While door knocking this weekend, a few people raised concerns about what was being done to address homelessness in Fremantle.
It was refreshing that the residents I spoke to emphasised the need to help people experiencing homelessness rather than simply moving them on, and it reminded me what a compassionate community we live in.
I thought I would provide a summary about the ways in which Fremantle Council is working to improve this complex issue. Continue reading →
The Council is currently updating the Economic Development Strategy, and we were privy to a briefing that was informative and somewhat surprising.
The graph below shows the decline in economic growth in WA since 2012, which appears to have hit rock bottom in 2017. Importantly, it also shows the decline in disposable income – the money people have to spend on shopping, eating out and recreation. Thankfully, it appears that the worst may now be behind us.
Staff undertake a detailed assessment of the business mix and vacancies in the CBD annually, which is shown below. What surprised some of us on Council was the business mix in the CBD – is this what you would have expected when thinking about the proportion of different types of businesses in the CBD?
Persistence and hard work pays off!! A few years ago a local resident contacted me suggesting a zebra crossing on marine terrace so families could cross safely to the Esplanade park and youth plaza – and now there’s two of them!! It was a gradual process. Continue reading →
The City of Fremantle was one of the first local governments in Australia to take action to reduce carbon emissions and promote renewable energy.
When the City first started taking serious action to reduce our carbon footprint in 2009 installing a large-scale solar PV system was complicated and expensive.
At the time the council made a very rational decision to invest in carbon offsets in the short term to reduce our carbon footprint, while also putting money aside in a Renewable Energy Investment Reserve for future investment in renewable technology.
The carbon offsets the City has purchased have been used to support a range of projects, including the planting of approximately 150,000 trees on degraded farmland in the West Australian Wheatbelt. Continue reading →
A very interesting agenda item is coming to the FPOL committee this week. The Economic Development Strategy, developed in 2015, is coming to an end and it is an opportunity to review and reset the strategy.
Below is an interesting excerpt from the report, which outlines the wider economic climate, and the specific conditions, successes and challenges in Fremantle.
I have been thinking for some time about what new employment opportunities and economic drivers are growth opportunities for Fremantle? Hospitality and tourism are obvious. Arts, culture, education and the creative / knowledge sectors as well as the maritime industry are also a natural fit. Do you have any other ideas?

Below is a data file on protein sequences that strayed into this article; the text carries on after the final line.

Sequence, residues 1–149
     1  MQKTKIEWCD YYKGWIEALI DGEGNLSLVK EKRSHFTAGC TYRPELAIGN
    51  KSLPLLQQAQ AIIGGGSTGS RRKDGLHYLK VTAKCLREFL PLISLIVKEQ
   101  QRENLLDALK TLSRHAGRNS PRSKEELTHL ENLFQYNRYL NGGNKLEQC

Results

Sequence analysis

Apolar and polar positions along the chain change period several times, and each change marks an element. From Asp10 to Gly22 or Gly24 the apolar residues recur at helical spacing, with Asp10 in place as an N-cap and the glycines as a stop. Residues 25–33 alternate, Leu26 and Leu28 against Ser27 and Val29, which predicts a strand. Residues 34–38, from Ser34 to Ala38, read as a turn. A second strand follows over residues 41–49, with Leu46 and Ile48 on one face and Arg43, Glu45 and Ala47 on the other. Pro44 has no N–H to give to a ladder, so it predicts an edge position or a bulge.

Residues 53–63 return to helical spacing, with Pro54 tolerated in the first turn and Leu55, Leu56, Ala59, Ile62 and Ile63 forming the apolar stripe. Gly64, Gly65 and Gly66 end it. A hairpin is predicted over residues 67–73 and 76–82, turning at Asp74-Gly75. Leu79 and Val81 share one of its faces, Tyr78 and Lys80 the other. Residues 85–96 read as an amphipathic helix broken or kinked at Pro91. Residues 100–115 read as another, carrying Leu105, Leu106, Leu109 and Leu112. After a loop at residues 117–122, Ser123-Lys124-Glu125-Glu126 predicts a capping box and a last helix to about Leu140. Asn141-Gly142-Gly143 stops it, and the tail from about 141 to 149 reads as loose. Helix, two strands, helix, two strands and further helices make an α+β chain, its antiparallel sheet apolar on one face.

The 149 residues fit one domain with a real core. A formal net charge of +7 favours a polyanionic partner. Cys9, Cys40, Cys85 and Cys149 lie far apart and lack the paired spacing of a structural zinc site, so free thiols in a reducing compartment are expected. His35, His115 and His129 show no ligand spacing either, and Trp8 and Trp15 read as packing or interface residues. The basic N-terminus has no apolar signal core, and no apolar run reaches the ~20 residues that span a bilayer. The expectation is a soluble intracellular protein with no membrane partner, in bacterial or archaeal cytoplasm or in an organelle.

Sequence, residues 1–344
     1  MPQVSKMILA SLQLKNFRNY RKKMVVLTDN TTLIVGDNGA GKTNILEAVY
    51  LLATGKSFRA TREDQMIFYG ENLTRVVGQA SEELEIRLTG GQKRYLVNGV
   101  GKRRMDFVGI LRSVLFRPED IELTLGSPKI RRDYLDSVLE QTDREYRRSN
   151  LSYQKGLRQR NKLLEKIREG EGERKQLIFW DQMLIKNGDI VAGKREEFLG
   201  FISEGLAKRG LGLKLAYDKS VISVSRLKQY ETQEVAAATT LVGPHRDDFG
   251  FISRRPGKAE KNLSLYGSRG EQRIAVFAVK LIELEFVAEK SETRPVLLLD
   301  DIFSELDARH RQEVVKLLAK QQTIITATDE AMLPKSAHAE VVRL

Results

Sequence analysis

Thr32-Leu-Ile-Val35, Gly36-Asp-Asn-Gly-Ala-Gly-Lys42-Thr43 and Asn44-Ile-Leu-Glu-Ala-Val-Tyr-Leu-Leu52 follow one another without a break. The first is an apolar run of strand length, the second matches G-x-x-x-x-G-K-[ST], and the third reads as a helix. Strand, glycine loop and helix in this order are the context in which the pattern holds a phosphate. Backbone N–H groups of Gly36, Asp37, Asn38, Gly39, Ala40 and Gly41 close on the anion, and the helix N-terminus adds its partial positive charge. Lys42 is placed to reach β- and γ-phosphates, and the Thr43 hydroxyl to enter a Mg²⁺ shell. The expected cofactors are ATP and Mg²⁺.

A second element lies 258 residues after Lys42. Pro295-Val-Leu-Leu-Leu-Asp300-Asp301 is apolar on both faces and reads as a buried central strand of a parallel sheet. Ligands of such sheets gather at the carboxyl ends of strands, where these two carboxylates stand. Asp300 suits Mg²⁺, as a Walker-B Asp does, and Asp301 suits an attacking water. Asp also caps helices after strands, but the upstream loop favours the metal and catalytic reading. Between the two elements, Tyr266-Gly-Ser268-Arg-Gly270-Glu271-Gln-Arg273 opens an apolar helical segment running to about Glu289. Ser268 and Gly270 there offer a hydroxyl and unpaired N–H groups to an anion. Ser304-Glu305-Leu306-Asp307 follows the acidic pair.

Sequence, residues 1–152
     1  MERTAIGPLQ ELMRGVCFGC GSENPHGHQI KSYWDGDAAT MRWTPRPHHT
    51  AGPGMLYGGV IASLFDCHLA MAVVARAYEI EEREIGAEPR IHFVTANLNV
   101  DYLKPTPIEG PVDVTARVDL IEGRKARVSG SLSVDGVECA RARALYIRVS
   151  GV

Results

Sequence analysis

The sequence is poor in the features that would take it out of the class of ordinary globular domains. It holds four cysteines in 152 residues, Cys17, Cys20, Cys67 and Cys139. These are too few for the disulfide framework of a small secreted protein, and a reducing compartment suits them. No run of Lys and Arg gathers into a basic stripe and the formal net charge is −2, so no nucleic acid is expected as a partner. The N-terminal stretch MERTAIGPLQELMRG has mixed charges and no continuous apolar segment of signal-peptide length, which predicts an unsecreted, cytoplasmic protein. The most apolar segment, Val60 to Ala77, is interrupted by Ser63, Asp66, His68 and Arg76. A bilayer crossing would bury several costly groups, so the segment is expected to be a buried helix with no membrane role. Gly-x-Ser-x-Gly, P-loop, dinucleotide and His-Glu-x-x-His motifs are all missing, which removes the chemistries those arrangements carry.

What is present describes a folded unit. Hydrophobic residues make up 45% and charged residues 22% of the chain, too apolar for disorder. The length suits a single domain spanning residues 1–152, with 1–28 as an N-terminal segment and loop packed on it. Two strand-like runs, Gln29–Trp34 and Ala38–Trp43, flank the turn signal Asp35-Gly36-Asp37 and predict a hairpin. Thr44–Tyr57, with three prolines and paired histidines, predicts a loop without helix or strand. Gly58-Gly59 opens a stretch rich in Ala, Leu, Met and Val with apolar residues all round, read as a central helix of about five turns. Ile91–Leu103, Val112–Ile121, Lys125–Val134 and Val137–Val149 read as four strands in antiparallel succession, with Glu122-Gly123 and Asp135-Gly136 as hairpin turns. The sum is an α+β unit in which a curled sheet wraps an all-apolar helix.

Take a look at the background information below and feel free to leave a comment with your economic development ideas for Fremantle. And while you’re at it, make sure you shop local and support our local economy during these challenging times. Continue reading →
The 2019/20 budget was approved by Council last week, with major investment in CBD renewal while managing to keep rate rises low.
Total budget expenditure is $130.1 million, including $56.6 million in capital expenditure and a small cash surplus of $30,000.
The 1.8 per cent rate increase is the second lowest rate increase since 2000 and aligns with the Local Government Cost Index prepared by the WA Local Government Association, which takes into account CPI and more specific costs like electricity and street lighting, which have gone up by 5.8 per cent in the past year.
The City of Fremantle passed a local law this month, that will prohibit the release of balloons.
This local law effectively reinforces the fact that letting balloons escape into the environment is effectively littering and will attract a fine. The local law will now go to the WA parliament for final approval.
Balloons that are released are very harmful to our wildlife, marine life and our ecosystem.
Here’s a conversation I had with Jenni Seaton on Curtin Radio about it:
Beaufort Street shuts up shop as Five Bar becomes latest Mt Lawley casualty (ABC News)
There is little doubt that high streets in our urban centres are struggling at present.
High rents, competition from online shopping and suburban shopping centres, Uber Eats and paid parking are often blamed. But this challenge is not unique to Fremantle, it can be seen in Mt Lawley, Subiaco and parts of Perth too. In fact, it is a global crisis.
Experts from around the world have been tackling these issues in cities across the globe and we can learn a lot from them. For example, this story which described the transformation of the city of Mullhouse in France. Continue reading →